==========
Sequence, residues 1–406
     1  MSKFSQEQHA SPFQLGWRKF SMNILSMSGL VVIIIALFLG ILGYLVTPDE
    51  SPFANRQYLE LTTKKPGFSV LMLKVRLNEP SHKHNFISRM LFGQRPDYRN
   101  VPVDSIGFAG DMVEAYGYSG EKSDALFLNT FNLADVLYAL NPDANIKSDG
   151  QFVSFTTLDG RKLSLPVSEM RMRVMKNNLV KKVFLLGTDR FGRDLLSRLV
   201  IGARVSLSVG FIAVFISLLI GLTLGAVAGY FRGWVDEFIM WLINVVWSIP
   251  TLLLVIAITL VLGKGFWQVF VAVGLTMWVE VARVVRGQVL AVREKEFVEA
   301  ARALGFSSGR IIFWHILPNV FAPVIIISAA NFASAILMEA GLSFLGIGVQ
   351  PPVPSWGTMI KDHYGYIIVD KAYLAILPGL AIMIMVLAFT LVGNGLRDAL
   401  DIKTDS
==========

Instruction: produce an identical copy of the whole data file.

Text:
Sequence, residues 1–406
     1  MSKFSQEQHA SPFQLGWRKF SMNILSMSGL VVIIIALFLG ILGYLVTPDE
    51  SPFANRQYLE LTTKKPGFSV LMLKVRLNEP SHKHNFISRM LFGQRPDYRN
   101  VPVDSIGFAG DMVEAYGYSG EKSDALFLNT FNLADVLYAL NPDANIKSDG
   151  QFVSFTTLDG RKLSLPVSEM RMRVMKNNLV KKVFLLGTDR FGRDLLSRLV
   201  IGARVSLSVG FIAVFISLLI GLTLGAVAGY FRGWVDEFIM WLINVVWSIP
   251  TLLLVIAITL VLGKGFWQVF VAVGLTMWVE VARVVRGQVL AVREKEFVEA
   301  ARALGFSSGR IIFWHILPNV FAPVIIISAA NFASAILMEA GLSFLGIGVQ
   351  PPVPSWGTMI KDHYGYIIVD KAYLAILPGL AIMIMVLAFT LVGNGLRDAL
   401  DIKTDS